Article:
Are Domestic Partner Benefits Now Obsolete?

Posted by on Nov 9, 2015 in News | 0 comments

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Domestic partner benefits began more than 30 years ago as an effort to offer benefits similar to spousal benefits to gay and lesbian employees that were otherwise unqualified for such benefits due to prohibitions on marriage between same sex couples. In 1982, The Village Voice, a weekly newspaper in New York City, became the first employer in the U.S. to offer domestic partner benefits. Over the years such benefits became more widely available with Lotus Development Corp., the first publicly traded company to offer domestic partner benefits in 1992, the State of Vermont offering domestic partnership benefits to public employees in 1995, and Hawaii following suit in 1997.

These days, many states provide domestic partner benefits to employees. Many companies within the private sector also offer domestic partner benefits. According to the Bureau of Labor Statistics, in 2014 about 35 percent have access for same sex partners and 30 percent of private industry workers have access to domestic partner benefits for opposite sex partners.

What exactly is a domestic partner?

The term “domestic partner” has no consistent legal definition, so employers have had to create something. Employers generally define domestic partners as unmarried same sex couples (some include opposite sex couples) who cohabitate and seek benefits similar to those offered to married couples. Some form of domestic partnerships are recognized by California, Washington D.C., Nevada, Oregon, Washington, Colorado, Hawaii, Illinois, New Jersey, New Hampshire, Massachusetts, Maine, Vermont, Connecticut and Wisconsin, although some states refer to it as civil unions. Domestic partner benefits are offered by businesses, government offices, private companies, universities, states and other organizations and often include:

  • Health, dental and vision insurance
  • Death benefits
  • Accident and life insurance
  • Sick and bereavement leave
  • Housing rights
  • Parental leave

Issues for employers and employees

Since there is no legal requirement for employers to offer domestic partner benefits, employers were left to navigate these waters on their own and freely decide whether or not to offer them at all. The problem is that providing domestic partner benefits has been a messy process with many gray areas, just a few examples are:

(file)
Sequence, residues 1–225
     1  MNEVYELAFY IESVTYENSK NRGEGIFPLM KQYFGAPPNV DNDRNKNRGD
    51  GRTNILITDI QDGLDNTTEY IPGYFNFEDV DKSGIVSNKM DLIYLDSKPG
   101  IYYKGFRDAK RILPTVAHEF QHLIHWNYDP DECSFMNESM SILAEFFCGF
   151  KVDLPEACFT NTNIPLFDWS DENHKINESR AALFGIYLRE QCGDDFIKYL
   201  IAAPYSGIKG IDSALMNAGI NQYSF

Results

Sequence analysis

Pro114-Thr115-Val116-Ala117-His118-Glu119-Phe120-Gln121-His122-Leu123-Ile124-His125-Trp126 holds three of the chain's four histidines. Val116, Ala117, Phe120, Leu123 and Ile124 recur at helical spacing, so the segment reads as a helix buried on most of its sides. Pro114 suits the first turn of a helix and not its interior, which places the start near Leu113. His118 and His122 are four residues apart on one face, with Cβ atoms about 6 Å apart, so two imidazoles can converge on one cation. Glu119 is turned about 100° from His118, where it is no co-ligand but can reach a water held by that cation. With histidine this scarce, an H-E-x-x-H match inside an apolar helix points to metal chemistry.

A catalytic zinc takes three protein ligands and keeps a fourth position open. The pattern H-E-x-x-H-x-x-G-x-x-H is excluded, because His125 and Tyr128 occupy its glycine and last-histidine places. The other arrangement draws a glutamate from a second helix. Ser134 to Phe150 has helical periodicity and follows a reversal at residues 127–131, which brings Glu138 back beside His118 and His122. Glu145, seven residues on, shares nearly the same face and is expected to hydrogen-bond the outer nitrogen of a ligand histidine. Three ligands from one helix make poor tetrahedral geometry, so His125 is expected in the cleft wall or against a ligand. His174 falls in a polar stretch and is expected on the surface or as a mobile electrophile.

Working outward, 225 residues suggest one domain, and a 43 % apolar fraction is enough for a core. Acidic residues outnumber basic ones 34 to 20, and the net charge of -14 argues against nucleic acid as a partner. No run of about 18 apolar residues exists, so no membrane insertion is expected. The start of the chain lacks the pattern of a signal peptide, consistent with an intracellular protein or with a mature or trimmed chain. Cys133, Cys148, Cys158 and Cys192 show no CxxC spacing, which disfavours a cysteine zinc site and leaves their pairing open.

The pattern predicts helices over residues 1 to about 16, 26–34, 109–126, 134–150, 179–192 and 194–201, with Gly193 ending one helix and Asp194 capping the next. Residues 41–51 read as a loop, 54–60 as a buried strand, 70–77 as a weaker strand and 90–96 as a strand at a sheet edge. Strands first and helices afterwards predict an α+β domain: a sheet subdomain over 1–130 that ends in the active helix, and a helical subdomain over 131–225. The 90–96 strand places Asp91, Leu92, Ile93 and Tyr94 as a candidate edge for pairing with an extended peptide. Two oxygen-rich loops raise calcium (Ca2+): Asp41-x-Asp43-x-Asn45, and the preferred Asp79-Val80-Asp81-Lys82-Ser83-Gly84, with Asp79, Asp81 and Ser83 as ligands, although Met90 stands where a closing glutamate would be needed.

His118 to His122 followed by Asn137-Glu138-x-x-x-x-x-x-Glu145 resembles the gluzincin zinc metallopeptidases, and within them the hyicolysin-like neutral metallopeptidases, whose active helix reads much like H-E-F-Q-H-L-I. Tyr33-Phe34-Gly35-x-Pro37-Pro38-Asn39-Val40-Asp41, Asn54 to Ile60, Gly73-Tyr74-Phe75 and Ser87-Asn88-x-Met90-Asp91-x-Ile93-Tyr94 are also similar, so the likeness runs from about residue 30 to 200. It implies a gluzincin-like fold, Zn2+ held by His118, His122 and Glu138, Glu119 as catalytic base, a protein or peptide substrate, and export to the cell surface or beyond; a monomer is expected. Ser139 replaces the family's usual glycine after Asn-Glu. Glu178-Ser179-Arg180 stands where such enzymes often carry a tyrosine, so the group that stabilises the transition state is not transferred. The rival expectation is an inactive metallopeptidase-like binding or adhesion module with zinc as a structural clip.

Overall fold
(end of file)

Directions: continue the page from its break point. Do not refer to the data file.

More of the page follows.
• How do you differentiate between a domestic partnership and common law marriage?
  • Do you only provide domestic partner benefits where same sex marriages were illegal?
  • Do you require domestic partners to be “together” for a predetermined amount of time before qualifying for benefits? (How is “together” defined?)

There is also the matter of taxes, as the IRS allows healthcare benefits to be provided tax free to employees and legal dependents. Some states, however, didn’t recognize domestic partner marriages, so employees receiving domestic partner benefits are taxed on them. Most employers treat employee contributions for healthcare benefits as pre-tax earnings, however this can only be done for legally recognized dependents, significantly complicating payroll and tax reporting functions.

How does legalizing same-sex marriage affect domestic partner benefits?

The Supreme Court of the United States ruling in Obergefell v. Hodges stated that states can no longer keep same-sex couples from marrying and must recognize their unions, which strips away the foundational reasoning that domestic partner benefits were based on.

Now that same sex marriage is legal throughout the United States with no legal obstacles, and for the sake of simplifying their tax considerations and administrative responsibilities, many employers are likely to eliminate their domestic partner benefits.

Possible backlash of ending domestic partnership benefits

Many L.G.B.T. groups are encouraging employers to continue offering domestic partner benefits. A chief concern of such organizations are that there are still nearly 25 states that have not implemented antidiscrimination laws to protect individuals based on their sexual orientation. In such locations, same sex couples who marry in order to receive benefits could potentially risk housing discrimination and credit denial.

The fate of domestic partner benefits lies in the hands of each employer, but given the difficulties in defining tax status and qualification requirements, it’s a good bet that many companies will be reluctant to implement new domestic partner benefit packages if they are not already in place. Having said that, many benefits professionals agree that it is unlikely that employers will drop domestic partner benefits without at least providing ample time for employees to qualify or seek alternate benefit opportunities.

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